C63 copied from Pistonheads

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Active Member
Jun 26, 2013
Oh for the simple life, eh? In a motoring landscape where even a Golf GTI has three steering modes it's a refreshing change to get into a fast car that requires little more than a twist of the key and a stomp on the accelerator to get the best out of it.

Enjoy it while you can - last of a breed
Saying that you'd be forgiven for thinking this simplistic nature and the magnificent 6.2-litre M156 V8 under the bonnet would make it something of an anachronism. When in fact Mercedes has already sold over 650 C63 coupes this year, an increase in nearly a third over 2012 which was itself a record year for AMG in the UK. Meaning if you can't find the £70K required for a C63 507 Edition like this one right now fear not. There are already plenty around in the PH classifieds and a good supply to join them in coming years. Bravo.

Researching this review it would have seemed the C63 is a pretty straightforward car. Big V8 in little Merc, saloon, estate and, more recently, coupe bodystyles. Easy. Only the car has in fact come on some way since it first launched in 2007. The engine has remained a constant, delivering 457hp in standard form and 487hp with the optional Performance Pack. In 2010 Mercedes UK offered an uprated DR520 version based on the Performance Pack car with - surprise - 520hp and a premium of £9,995. A facelift in 2011 added the coupe and AMG's wet-clutch Speedshift MCT auto. This was followed in July 2011 by the 517hp Black Series, inspired by the much loved CLK Black Series that was a big influence on the C63's development. Last year the Performance Pack option was discontinued, the Edition 507 (go on, guess the power output...) stepping in to fill the gap earlier this year.

New wheels distinguish 507 from other C63s
Here endeth the lesson
Available in saloon and estate versions too, in coupe form as tested the Edition 507 could be considered a Black Series lite, with nearly the same power and pace but lacking the more wild mods such as the 40mm/79mm increase in front/rear track, flared body, fully adjustable coilover suspension and standard limited-slip diff.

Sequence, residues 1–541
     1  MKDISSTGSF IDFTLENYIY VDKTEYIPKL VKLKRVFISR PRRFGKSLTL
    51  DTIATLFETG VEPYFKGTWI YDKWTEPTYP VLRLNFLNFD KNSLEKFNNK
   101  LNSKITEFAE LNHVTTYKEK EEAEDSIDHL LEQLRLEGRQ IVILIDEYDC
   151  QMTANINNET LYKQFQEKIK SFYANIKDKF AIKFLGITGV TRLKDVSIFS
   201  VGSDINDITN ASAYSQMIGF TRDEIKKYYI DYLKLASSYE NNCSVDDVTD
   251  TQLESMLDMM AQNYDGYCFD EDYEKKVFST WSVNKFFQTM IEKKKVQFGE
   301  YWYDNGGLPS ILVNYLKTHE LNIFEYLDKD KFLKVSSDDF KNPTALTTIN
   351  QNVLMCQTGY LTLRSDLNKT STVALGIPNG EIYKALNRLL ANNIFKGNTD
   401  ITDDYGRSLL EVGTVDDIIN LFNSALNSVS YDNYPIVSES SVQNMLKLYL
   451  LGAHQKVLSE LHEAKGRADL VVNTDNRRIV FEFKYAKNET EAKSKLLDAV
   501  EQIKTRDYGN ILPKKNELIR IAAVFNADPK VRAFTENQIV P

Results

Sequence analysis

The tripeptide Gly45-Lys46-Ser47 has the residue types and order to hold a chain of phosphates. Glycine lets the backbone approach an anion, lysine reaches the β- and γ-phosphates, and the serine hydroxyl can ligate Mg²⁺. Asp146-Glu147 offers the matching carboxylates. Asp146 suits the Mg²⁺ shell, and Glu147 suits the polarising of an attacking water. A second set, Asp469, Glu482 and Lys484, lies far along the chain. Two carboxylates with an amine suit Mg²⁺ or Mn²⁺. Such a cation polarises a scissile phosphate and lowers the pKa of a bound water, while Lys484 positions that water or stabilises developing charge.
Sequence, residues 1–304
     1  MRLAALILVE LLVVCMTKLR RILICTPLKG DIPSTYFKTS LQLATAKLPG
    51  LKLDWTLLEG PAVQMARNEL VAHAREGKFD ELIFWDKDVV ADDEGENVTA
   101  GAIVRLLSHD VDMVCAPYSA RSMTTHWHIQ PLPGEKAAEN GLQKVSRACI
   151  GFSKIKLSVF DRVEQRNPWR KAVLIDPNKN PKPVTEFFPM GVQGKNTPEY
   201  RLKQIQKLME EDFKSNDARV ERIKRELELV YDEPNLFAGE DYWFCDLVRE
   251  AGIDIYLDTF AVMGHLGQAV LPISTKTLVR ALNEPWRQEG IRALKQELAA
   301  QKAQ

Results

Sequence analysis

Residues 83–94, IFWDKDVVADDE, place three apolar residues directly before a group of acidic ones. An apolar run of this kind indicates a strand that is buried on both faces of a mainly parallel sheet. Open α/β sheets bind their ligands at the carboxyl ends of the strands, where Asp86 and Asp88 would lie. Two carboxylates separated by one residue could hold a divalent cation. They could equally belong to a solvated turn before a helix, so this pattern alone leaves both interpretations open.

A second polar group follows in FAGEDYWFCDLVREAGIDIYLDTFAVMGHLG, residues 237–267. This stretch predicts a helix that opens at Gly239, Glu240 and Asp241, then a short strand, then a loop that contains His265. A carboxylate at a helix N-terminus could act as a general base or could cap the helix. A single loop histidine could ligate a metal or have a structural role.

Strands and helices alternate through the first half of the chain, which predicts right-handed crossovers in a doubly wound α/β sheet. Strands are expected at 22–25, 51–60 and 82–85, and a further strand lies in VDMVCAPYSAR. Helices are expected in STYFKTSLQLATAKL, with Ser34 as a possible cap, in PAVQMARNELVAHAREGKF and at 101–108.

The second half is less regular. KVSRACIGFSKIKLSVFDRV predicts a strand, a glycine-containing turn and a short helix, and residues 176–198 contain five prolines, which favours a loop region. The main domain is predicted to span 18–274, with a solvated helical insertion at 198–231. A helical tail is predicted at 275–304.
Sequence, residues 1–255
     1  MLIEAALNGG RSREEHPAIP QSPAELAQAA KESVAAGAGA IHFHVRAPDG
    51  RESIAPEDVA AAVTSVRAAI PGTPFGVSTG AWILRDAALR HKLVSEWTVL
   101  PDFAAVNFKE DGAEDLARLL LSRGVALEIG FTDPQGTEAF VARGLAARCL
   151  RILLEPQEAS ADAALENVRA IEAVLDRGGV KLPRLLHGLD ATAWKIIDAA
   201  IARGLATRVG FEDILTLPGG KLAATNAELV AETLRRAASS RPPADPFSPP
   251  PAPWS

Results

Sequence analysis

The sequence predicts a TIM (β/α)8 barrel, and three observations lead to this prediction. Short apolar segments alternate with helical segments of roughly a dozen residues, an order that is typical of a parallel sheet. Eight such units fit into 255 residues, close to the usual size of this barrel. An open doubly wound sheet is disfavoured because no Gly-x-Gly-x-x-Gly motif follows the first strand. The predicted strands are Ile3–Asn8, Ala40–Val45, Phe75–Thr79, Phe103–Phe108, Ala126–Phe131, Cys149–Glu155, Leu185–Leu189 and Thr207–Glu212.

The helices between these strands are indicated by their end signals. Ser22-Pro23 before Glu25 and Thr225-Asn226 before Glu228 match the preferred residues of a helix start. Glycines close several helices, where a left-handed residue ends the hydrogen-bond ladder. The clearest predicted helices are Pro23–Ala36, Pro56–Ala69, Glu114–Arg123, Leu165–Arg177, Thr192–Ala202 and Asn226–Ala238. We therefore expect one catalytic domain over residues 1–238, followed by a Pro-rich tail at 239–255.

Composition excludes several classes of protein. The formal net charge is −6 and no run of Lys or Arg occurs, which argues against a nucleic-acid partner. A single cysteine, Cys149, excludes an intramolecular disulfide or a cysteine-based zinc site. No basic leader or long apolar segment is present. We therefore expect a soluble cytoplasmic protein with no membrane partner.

All of the more powerful C63s - Performance Pack, DR520, Black and 507 alike - get the SLS-donated engine upgrades, meaning forged pistons and con-rods and a lightweight crank. Losing three kilos from these components not only increases the tuning headroom, it also increases response and means the big V8 revs up faster and more cleanly. So, yes, you want your C63 to have that box ticked, basically.
We got a ticking off for saying the C63 Coupe was like a traditional muscle car last time we tested it but ... it is. OK, it's not built by rednecks and you don't need to wear a stars'n'stripes bandana to drive it. But the influence is clear, even if it's got a somewhat broader operating window. You know, one that includes going round corners as well as blitzing quarter miles.

Black Series vented bonnet ups the aggression
Sorry, that's a bit snooty given that modern Mustangs and Camaros are actually pretty good at that too.

But firing up a big V8, slipping a shifter into D and letting rip offers inescapable comparisons. And might well make you want to holler yeehah. Or, perhaps, ja, for sure.
Take it slow
As previously discussed, AMG's genius is in making the C63 a pleasing car to drive slowly. It's no wafty old barge and the firm springing isn't shy at lower speeds. But the solidity of the car and the pitch-perfect damping mean it doesn't shake, rattle or roll and it's a points draw when it comes to potholes and speed bumps.